Editor’s note: Samantha Vinograd is a CNN national security analyst. She is a senior adviser at the University of Delaware’s Biden Institute, which is not affiliated with the Biden campaign. Vinograd served on President Barack Obama’s National Security Council from 2009 to 2013 and at the Treasury Department under President George W. Bush. The views expressed in this commentary are her own.
President Trump’s personal valet, the vice president’s spokeswoman, Katie Miller, and Ivanka Trump’s personal assistant (who has been teleworking for nearly two months) all tested positive for Covid-19, illustrating the manifold threats the pandemic poses to our government.
The news raises questions about the legitimacy of the White House’s own narrative about its ability to keep Americans safe, while highlighting the potential havoc the coronavirus could wreak on our government and national security.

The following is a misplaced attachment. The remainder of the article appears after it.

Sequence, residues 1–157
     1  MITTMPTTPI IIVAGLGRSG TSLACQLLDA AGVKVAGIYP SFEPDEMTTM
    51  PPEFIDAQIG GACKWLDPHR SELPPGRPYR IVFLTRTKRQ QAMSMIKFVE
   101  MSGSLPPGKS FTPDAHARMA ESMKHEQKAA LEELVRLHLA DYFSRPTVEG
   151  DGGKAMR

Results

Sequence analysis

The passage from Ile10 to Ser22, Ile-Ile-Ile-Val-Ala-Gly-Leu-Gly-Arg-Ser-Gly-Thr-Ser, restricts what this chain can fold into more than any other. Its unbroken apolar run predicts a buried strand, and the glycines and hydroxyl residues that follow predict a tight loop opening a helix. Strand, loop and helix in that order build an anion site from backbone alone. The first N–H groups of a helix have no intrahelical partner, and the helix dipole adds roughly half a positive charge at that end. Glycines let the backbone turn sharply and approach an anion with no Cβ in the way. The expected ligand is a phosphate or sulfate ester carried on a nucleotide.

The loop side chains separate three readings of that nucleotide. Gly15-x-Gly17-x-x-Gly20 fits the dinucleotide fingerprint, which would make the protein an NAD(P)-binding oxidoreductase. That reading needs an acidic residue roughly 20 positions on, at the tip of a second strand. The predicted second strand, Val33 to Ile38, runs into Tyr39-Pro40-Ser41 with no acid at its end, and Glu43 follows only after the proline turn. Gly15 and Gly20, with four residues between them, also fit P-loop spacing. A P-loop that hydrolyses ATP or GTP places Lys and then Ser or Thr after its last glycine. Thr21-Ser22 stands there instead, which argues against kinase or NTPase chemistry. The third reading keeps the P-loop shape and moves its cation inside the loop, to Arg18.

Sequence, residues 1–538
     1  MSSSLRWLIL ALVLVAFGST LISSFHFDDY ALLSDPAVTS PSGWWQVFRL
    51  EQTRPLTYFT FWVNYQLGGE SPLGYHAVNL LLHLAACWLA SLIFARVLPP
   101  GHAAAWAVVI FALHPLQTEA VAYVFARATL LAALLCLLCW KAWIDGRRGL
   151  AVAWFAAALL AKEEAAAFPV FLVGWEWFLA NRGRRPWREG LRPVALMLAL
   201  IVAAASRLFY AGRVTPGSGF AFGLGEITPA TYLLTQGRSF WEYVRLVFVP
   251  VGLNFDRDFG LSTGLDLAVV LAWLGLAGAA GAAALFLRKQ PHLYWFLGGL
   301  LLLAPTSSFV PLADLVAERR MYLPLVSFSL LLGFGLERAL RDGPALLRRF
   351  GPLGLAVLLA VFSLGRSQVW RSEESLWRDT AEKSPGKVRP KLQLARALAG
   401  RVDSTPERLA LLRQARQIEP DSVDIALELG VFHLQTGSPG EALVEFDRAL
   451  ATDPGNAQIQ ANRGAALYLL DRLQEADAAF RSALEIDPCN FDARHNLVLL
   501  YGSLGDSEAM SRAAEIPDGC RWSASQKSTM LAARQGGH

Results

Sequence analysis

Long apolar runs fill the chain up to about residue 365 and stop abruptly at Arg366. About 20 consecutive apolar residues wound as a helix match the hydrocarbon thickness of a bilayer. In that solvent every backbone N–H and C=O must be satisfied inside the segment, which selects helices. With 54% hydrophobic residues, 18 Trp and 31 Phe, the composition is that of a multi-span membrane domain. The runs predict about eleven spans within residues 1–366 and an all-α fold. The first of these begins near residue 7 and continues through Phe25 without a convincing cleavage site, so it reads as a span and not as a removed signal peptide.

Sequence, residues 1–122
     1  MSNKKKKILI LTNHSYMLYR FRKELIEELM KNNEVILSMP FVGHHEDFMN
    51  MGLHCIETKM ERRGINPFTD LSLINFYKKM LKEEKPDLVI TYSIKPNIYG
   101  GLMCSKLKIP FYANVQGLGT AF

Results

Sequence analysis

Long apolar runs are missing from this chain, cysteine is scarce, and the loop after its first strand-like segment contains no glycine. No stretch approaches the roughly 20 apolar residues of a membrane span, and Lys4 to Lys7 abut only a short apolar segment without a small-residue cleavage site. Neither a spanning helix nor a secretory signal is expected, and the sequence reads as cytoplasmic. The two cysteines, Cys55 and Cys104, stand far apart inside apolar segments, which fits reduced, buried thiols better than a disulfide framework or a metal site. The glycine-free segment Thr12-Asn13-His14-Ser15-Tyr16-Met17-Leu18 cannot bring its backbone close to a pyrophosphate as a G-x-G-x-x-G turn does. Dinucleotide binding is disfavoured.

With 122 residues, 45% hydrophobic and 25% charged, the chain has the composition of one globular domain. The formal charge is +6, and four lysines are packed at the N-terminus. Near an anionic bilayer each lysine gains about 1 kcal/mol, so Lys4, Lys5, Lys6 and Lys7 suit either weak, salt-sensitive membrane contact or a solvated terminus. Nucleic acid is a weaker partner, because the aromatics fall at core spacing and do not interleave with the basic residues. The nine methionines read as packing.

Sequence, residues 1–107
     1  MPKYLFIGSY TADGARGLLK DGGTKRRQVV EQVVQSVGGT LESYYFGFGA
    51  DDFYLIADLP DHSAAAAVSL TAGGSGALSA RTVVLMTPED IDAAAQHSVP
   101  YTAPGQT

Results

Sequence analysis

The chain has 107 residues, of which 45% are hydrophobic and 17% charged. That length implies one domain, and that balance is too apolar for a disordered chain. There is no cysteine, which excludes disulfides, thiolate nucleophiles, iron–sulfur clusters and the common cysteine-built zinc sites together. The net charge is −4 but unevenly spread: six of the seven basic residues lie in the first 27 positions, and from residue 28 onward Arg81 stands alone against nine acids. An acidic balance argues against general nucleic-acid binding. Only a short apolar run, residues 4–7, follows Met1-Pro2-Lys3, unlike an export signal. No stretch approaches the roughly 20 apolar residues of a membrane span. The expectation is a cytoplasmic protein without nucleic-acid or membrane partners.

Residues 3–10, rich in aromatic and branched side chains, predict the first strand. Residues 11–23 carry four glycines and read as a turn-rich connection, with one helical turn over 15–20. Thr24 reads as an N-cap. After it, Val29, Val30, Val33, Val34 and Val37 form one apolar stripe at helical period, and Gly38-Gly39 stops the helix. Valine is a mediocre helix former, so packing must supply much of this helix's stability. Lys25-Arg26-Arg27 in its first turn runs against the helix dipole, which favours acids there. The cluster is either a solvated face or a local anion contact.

News that the coronavirus has infiltrated the White House presents a direct threat to the administration’s narrative that it is taking the necessary measures to keep the American people safe.
Earlier this week, the White House rejected the very guidelines it asked for from the Centers for Disease Control and Protection on how to safely reopen the country because the CDC’s 17-page draft was “overly prescriptive.”
Instead of relying on experts, the White House is flying blind, putting itself in charge of determining how to keep Americans safe. To make matters worse, the failure to protect the President and Vice President Mike Pence doesn’t inspire much confidence that the administration is doing everything possible to protect the rest of us. It also undercuts the President’s assertions that it’s time to reopen the country because it’s clear that new infections are a reality — even in the White House.
More directly, this news threatens the functioning of our government.
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